3D-Printed Pasta Folds Like Origami When Dropped In Water

Behold the 3D-printed pasta of the future. Michael Indresano Production/MIT

Ever wondered what the food of the future is going to look like? Well, you might be eating your insect burgers with a side of 3D-printed origami shape-shifting pasta.

Researchers from MIT's Tangible Media Group have created edible sheets that can morph into three-dimensional shapes when dunked into water. It isn’t just a cool gimmick, the idea could help massively cut down on shipping costs and packaging.

The pasta shapes are 3D-printed strips of edible cellulose over the top of a gelatin layer. But if that sounds kind of gross, fear not, lead author Lining Yao said in a statement, “[t]hey had great texture and tasted pretty good.” Of course, the dream is to eventually apply these ideas to real pasta, not gelatin-cellulose strips.

It’s all to do with the way the food absorbs water and expands. The pasta is a two-layer film made from two different densities of gelatin. The top layer is more densely packed, meaning it is able to absorb more water. So, when the pasta is dropped in water, the top layer absorbs the most water and curls over the bottom layer, creating the shape. It sounds simple, but this was a finely-tuned process where the researchers had to find ways to control where and how the pasta folds up.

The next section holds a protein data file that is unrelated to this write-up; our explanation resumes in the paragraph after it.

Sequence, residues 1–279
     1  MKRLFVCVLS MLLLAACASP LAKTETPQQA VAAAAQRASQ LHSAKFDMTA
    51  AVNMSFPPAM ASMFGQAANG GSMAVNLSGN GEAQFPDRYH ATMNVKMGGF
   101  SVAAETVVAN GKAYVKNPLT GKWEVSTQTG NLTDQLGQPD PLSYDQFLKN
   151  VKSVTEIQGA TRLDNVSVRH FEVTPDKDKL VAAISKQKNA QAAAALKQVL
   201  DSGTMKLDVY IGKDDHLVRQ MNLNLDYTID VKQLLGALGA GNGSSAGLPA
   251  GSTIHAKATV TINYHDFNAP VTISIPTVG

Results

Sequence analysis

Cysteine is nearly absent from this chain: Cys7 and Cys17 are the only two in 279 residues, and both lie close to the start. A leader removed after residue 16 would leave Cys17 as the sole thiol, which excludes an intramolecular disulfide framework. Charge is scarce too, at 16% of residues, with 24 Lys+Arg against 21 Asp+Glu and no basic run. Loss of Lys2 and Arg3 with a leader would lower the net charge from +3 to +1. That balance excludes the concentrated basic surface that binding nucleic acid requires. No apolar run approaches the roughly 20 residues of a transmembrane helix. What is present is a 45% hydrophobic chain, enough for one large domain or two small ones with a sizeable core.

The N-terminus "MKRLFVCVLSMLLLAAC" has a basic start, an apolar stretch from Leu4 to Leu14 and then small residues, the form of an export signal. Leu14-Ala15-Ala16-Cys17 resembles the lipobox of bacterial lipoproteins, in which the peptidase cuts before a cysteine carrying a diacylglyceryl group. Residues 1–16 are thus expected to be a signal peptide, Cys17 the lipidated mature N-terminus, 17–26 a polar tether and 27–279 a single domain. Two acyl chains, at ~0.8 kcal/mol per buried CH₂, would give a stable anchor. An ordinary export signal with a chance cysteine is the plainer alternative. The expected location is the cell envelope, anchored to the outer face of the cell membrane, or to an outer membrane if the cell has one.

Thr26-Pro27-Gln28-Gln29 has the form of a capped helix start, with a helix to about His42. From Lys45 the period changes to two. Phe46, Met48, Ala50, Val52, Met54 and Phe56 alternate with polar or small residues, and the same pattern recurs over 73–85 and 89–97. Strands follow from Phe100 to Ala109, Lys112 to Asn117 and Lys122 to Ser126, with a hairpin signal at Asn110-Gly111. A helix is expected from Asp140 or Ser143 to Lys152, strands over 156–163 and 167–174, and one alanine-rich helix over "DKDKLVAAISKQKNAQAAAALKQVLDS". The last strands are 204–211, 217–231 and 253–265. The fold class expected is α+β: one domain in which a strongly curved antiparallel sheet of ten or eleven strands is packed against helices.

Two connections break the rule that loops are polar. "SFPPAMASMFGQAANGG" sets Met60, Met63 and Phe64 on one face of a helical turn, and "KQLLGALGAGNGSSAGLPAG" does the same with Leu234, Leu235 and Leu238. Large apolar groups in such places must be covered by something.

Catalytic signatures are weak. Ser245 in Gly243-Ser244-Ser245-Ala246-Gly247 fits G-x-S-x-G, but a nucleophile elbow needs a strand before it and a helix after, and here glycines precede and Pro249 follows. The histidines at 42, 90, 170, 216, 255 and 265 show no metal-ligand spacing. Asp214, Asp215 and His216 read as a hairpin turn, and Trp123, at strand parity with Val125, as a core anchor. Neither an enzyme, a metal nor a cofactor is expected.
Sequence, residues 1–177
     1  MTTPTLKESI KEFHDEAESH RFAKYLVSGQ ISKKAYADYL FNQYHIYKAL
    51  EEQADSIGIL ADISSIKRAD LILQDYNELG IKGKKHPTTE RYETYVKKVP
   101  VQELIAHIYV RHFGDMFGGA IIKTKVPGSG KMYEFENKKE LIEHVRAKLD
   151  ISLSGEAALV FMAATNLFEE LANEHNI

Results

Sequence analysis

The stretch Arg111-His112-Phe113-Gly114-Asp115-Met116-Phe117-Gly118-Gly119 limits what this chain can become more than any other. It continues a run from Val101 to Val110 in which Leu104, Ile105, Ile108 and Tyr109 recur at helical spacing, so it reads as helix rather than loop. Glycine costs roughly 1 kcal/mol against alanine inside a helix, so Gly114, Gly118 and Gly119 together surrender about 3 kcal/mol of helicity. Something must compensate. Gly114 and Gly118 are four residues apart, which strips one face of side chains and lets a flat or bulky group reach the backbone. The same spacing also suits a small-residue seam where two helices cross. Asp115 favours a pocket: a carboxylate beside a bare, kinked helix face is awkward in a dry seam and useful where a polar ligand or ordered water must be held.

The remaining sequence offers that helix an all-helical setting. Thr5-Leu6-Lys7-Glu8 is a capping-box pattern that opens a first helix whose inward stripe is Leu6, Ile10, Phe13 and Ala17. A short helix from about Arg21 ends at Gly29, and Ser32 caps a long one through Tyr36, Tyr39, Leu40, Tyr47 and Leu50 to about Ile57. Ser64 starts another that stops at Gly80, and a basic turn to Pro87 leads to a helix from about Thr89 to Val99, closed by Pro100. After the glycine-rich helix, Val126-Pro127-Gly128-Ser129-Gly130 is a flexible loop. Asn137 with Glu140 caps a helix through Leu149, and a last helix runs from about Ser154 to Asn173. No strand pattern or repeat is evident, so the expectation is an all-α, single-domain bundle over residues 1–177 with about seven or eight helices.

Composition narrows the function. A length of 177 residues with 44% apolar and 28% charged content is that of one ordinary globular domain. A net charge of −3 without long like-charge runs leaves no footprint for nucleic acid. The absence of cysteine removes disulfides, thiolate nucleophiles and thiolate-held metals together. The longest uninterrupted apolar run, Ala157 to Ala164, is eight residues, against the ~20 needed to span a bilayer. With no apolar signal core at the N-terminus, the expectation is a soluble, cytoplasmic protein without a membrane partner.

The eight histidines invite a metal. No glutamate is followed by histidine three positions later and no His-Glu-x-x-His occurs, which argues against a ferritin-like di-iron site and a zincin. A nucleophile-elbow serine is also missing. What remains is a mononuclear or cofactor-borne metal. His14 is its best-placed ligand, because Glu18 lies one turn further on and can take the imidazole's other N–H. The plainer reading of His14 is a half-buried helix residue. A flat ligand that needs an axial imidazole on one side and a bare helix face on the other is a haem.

“We did many lab tests and collected a database, within which you can pick different shapes, with fabrication instructions,” Wen Wang, a co-author on the paper and research scientist at MIT’s Media Lab, explained. “Reversibly, you can also select a basic pattern from the database and adjust the distribution or thickness, and can see how the final transformation will look.”

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They also collaborated with the head chef of a Boston restaurant because, well, scientists are not known for their culinary skills. Together they created two dishes: transparent discs of gelatin flavored with plankton and squid that wrap around caviar, and long spaghetti strips, made from two different gelatins that spontaneously divide into two when dunked in water liquids. 

As you can see in the video, the pasta makes for an impressive showpiece. However, the development has some real practical potential to reduce packaging and transportation costs, and therefore lowering the price for the consumer.

“We did some simple calculations, such as for macaroni pasta, and even if you pack it perfectly, you still will end up with 67 percent of the volume as air,” said Wang. “We thought maybe in the future our shape-changing food could be packed flat and save space."

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The pasta doesn't polish up too badly either. Michael Indresano Production/MIT

 

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